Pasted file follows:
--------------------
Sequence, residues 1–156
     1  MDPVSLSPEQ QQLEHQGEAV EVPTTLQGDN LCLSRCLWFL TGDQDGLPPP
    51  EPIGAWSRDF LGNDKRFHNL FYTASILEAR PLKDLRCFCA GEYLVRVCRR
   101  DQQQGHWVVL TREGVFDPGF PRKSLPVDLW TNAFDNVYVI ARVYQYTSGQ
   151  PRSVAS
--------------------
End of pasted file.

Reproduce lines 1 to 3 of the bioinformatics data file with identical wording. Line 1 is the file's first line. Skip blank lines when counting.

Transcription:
Sequence, residues 1–156
     1  MDPVSLSPEQ QQLEHQGEAV EVPTTLQGDN LCLSRCLWFL TGDQDGLPPP
    51  EPIGAWSRDF LGNDKRFHNL FYTASILEAR PLKDLRCFCA GEYLVRVCRR